Commercial property losses will hit US banks
With the delinquency rate on commercial-mortgage backed securities rising sixfold in a year, there's a lot more pain to come for the banks.
Banks won't be boosting lending significantly anytime soon. The International Monetary Fund estimated last week that they have still only written down around half of their likely overall credit-crunch losses.
One area where there's plenty of bad news to come is US commercial property, says Gary D Halbert of Halbert Wealth Management. Prices have fallen by 39% from the peak; rents in New York could slide by 20% in 2010.
Many commercial mortgages, like their residential subprime counterparts, were packaged up and sold on as commercial mortgage-backed securities (CMBS), says Halbert.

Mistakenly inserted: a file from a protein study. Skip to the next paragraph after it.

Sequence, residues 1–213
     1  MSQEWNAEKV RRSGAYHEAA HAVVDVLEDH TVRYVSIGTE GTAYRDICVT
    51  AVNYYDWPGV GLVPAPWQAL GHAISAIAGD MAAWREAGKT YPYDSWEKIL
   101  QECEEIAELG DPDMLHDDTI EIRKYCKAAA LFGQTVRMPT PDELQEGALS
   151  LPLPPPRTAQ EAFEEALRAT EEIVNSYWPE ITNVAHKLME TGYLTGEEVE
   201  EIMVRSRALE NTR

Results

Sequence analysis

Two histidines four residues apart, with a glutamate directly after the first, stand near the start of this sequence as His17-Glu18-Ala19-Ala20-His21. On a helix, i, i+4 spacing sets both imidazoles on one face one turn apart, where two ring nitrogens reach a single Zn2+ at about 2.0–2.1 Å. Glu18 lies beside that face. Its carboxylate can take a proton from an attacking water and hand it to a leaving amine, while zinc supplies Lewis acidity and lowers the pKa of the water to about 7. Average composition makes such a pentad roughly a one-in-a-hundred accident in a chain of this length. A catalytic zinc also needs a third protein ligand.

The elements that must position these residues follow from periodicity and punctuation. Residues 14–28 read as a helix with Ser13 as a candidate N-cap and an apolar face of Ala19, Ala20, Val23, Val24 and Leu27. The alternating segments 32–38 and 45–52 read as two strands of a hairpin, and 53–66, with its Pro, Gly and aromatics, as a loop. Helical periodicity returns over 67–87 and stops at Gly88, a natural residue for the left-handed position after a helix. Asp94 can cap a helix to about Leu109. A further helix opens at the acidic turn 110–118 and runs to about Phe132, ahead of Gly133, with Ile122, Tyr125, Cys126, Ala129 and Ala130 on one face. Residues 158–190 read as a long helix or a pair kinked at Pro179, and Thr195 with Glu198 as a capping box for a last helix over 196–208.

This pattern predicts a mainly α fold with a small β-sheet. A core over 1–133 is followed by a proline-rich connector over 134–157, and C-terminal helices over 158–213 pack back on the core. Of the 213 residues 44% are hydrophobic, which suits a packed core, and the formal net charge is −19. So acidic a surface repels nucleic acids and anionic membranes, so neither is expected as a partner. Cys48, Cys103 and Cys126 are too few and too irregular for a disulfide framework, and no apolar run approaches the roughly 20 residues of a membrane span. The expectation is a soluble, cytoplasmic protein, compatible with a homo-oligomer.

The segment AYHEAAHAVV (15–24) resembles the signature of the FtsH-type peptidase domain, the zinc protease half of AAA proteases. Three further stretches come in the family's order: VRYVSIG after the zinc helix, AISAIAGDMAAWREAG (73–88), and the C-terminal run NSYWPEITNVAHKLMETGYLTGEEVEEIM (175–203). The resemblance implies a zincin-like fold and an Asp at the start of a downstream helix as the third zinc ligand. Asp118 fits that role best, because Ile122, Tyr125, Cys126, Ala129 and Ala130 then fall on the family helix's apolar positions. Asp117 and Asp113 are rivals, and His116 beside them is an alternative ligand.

Due to both careless lending and a sliding economy, the delinquency rate for CMBS has shot up sixfold in a year. And most of the loans making up CMBS that fall due in the next five years $100bn of $153bn, reckons Deutsche Bank, although others estimate twice as much will be "difficult or impossible" to refinance as the value of the properties behind them have slid so far.
So expect far more commercial property write-downs across the financial system, says Halbert. We have only seen "a fraction" so far.